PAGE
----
September 20, 2019

The Editor speaks: HEALTH

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Colin Wilson

I make no apologies for publishing many articles this week concerning health.

You see, this Sunday April 7th is World Health Day.

Yesterday (3) we published our Minister of Health, Dwayne Seymour’s, World Health Day Message.

The Minister started off saying, “World Health Day is a time for decision-makers, educators, advocates, and, indeed, the whole community to consider how we can improve health outcomes around the world and in our local communities.

“The 2019 international focus on universal health coverage continues from last year, with particular attention to ensuring access to quality primary healthcare. The World Health Organisation (WHO) argues that health is a human right and that everyone should have access to the information and services they need to take care of their own health and the health of their families.

“This concept is the foundation for universal health coverage. It aims to ensure that individuals, their families and the community benefit as much as possible from healthcare that facilitates promotion and prevention, treatment, rehabilitation and palliative care. Moreover it calls for such services to be available as close as possible to where individuals live and work.”

For the whole Message go to: http://www.ieyenews.com/wordpress/message-by-cayman-islands-minister-of-health-hon-dwayne-seymour-to-mark-world-health-day-sunday-7-april-2019/

In an article written by Rosy Edwards and published on the Metro UK website she says in the UK, “We’ve endured Dress Up Your Pet Day and tittered through National Tea Day.”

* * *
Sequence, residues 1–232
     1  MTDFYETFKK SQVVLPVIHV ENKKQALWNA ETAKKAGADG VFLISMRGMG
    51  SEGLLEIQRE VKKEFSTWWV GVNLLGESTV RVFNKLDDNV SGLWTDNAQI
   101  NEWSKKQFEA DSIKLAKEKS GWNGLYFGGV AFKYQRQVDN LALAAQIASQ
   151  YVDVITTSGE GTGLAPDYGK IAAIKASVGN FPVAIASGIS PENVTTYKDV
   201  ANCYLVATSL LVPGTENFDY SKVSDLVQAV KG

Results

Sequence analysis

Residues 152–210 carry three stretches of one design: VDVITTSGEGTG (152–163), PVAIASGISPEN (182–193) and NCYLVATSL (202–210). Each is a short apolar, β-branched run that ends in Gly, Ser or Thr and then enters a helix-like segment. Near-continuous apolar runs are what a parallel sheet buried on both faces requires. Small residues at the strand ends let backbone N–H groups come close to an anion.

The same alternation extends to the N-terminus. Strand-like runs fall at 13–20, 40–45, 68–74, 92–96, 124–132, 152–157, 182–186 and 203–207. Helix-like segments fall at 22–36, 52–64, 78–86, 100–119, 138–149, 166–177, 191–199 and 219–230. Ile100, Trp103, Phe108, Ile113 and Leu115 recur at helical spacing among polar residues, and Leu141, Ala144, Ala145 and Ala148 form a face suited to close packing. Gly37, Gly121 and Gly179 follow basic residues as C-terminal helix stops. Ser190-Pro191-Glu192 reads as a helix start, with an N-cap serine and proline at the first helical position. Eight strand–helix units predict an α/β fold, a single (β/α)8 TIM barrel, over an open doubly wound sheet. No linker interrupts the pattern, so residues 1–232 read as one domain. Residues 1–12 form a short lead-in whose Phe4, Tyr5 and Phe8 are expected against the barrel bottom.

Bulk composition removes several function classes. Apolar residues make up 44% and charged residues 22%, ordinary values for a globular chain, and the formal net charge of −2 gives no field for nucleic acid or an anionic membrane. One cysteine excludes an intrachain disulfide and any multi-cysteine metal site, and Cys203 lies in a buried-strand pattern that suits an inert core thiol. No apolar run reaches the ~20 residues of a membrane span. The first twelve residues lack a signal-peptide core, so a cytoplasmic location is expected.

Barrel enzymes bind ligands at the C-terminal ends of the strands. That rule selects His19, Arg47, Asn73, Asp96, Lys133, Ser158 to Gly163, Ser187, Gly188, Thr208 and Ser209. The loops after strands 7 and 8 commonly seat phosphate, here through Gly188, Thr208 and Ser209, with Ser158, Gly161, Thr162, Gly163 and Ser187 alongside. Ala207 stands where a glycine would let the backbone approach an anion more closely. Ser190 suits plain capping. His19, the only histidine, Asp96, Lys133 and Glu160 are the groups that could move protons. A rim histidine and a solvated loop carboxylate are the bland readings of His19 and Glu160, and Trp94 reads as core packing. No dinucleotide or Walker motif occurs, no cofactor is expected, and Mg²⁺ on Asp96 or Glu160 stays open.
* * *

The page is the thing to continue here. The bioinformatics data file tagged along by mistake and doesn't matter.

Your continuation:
Yes we have similar silly events here in the Cayman Islands and the problem with there ever increasing number, they tend to overshadow the awareness days that matter. World Health Day is one that really does matter.

M/s Edwards asks the question Why does World Health Day matter?

She answers it herself with these stats from 2017/18:

According to WHO statistics, 15,000 children under five die every day. Diabetes was listed among the 10 leading causes of death and disability worldwide, despite being eminently treatable in developed nations.

World Health Day helps disseminate these shocking statistics and highlight the severity of the problem. On a macro level, universal health coverage (UHO) is a crucial component for countries trying to combat wider-health issues and achieve their developmental goals.

It ensures countries are protected from illness outbreaks and epidemics; it increases health and life expectancy across the population, and it reduces poverty and hunger, creates jobs, drives economic growth and promotes gender equality.

On April 7, we have a chance to remind world leaders that UHC will benefit their country overall.

Ending ‘catastrophic expenditure’

It’s not simply that healthcare infrastructures do not exist: 100million people are being pushed into extreme poverty as a result of paying for healthcare they simply can’t afford.

More than 800million people are forced to spend a minimum of 10 per cent of their income on extortionate healthcare for themselves or their relatives.

The problem is not limited to developing nations either; increasing numbers of people in wealthier countries across Europe, Latin America and Asia are incurring what the WHO terms ‘catastrophic expenditures’

World Health Day in numbers

Half the world lacks access to proper healthcare.

Roughly 44% of WHO member states report having less than 1 doctor per 1,000 people.

About 1.3million global deaths in 2015 were attributed to hepatitis, which is treatable in most developed nations.

About 1billion more people will access healthcare resources by 2023.

SOURCE: https://metro.co.uk/2018/04/07/what-is-world-health-day-and-why-is-it-important-7420533/

I leave you with my own question.

Is there a more important day for awareness than WORLD HEALTH DAY?

Whatever you answer, I urge you to remember it, this Sunday, April 7th.

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